Aram: And so I think in that way, it’s difficult because that environment and that culture needs to be there, where people can call each other out, and feel safe doing it. I think we need to talk about that more in terms of, just as a culture, to talk about it more, like calling each other out, telling each other we’re doing something wrong. It’s actually really an act of care.
Lillyanne: Yeah, I feel like caring about wanting to make this space better for yourself, and then also for the future BIPOC students who come in the space. I definitely agree. And, those are my main questions. And I think the final questions would be, where are you going now with all this work? And what is your current work? Anything that you would like to say to end? And any guiding questions that you have for? Or love? Letters of love? Or a sentence of love? For BIPOC students?
Aram: Where do I start? [laughs] I am walking my dog, Bubble Tea Sifuentes (B.T.S. for short). [laughs] Today’s my studio day. I have two upcoming solo exhibitions, early 2022. So, I’ve been really busy working on that.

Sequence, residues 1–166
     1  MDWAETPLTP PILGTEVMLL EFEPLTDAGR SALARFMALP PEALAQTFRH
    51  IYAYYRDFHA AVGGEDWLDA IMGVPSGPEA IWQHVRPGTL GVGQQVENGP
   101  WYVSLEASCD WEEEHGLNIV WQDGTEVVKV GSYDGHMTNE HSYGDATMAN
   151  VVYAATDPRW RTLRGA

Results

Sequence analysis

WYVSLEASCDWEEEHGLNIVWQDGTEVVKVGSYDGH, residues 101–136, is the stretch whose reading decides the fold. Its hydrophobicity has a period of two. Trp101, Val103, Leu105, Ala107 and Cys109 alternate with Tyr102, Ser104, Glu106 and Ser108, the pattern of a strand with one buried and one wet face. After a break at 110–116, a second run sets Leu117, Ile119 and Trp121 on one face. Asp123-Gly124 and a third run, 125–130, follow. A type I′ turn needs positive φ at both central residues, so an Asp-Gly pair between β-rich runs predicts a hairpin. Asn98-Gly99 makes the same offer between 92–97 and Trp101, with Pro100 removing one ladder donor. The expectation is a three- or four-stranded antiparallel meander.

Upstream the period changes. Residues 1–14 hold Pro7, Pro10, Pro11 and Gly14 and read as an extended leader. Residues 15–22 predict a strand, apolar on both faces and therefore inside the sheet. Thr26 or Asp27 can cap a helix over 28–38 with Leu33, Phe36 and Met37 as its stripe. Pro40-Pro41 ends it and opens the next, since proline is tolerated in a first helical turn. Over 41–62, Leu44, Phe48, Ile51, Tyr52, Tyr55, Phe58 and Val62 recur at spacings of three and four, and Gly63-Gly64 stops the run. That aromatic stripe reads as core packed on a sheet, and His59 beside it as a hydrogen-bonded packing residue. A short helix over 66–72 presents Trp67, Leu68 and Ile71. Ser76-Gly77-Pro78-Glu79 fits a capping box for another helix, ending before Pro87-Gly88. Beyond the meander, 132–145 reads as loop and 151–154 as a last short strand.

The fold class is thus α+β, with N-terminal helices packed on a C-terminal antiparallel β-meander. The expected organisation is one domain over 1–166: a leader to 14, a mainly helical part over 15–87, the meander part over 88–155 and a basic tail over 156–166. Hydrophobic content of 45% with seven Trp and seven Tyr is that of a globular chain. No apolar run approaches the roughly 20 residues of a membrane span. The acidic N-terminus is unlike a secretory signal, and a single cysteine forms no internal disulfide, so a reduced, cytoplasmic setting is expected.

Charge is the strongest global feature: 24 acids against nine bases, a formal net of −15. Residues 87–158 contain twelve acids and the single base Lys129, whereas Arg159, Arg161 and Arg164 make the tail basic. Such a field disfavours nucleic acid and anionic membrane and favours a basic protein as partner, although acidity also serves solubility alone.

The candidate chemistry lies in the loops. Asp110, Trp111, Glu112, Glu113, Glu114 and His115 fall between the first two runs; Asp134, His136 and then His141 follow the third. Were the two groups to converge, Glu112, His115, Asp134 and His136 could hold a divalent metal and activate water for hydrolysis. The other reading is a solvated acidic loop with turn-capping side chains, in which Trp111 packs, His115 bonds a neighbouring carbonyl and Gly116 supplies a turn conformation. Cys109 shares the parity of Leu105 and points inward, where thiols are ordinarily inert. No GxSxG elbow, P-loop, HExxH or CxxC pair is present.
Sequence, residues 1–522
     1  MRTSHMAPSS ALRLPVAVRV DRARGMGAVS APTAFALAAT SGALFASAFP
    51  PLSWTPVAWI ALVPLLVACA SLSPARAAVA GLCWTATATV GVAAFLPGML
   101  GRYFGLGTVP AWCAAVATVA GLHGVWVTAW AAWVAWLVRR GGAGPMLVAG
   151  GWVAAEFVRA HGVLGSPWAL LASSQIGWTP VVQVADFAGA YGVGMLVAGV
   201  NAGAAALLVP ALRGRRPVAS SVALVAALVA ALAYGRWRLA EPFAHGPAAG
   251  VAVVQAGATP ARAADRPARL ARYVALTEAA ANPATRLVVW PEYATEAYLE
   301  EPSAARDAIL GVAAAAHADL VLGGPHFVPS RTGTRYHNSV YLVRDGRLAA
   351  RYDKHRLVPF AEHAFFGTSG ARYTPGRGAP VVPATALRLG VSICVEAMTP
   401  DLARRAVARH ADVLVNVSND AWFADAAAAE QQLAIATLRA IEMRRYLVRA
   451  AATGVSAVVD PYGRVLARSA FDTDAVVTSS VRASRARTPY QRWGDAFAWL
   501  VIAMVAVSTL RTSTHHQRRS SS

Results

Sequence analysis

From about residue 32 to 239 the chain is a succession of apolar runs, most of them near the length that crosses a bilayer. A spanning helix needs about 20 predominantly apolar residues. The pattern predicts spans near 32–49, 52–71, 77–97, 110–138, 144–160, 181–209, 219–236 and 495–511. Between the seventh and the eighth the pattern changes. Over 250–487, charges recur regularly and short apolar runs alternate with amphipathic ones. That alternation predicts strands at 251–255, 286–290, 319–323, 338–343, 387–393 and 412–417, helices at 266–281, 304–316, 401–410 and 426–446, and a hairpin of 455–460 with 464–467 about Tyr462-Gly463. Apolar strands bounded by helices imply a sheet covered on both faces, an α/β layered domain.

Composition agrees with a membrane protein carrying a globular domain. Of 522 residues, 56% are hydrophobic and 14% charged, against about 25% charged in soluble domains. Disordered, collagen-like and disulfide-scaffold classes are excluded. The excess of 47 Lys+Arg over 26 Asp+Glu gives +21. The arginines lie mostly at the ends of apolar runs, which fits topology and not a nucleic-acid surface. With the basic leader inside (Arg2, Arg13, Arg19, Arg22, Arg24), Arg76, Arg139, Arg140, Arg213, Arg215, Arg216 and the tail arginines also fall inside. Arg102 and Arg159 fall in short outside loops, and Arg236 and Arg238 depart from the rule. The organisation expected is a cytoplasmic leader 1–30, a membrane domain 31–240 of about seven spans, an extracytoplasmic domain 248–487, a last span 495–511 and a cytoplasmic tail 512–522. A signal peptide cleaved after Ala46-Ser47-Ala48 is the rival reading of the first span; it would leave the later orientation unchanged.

Aram continued: One body of work I’ve been diving into that sort of really exciting for me is … it comes from the Protest Banner Lending Library.(9) It’s where I’m working with different makers and designers and artists. And we’re creating protest garments. So it’s called a Protest Garment Lab.(10) And thinking about safety, right. I wanted to create these garments that had secret pockets that you could open up and appendages that you can open up, then they turn into these protest banners. And it’s been exciting, because yeah, when it opens up, it highlights this moment of transformation. And then it really emboldens the wear, you know, and then you could put it back away and it becomes discrete again. So, I’ve been working on that at the moment. It’s been really fun.
And I think that’s something that’s so important that I tell young people is that sometimes we get sort of bogged down, or, not bogged down, but we have this sense of responsibility that we have to tell these very serious stories, because what we address is very serious.
But never forget that we also come from, you know, joy and play and, you know, even! even! In our most hardest moments, I think, as people, we always come together and find ways to have fun. I think that’s been really exciting for me, to have so much fun making this new body of work.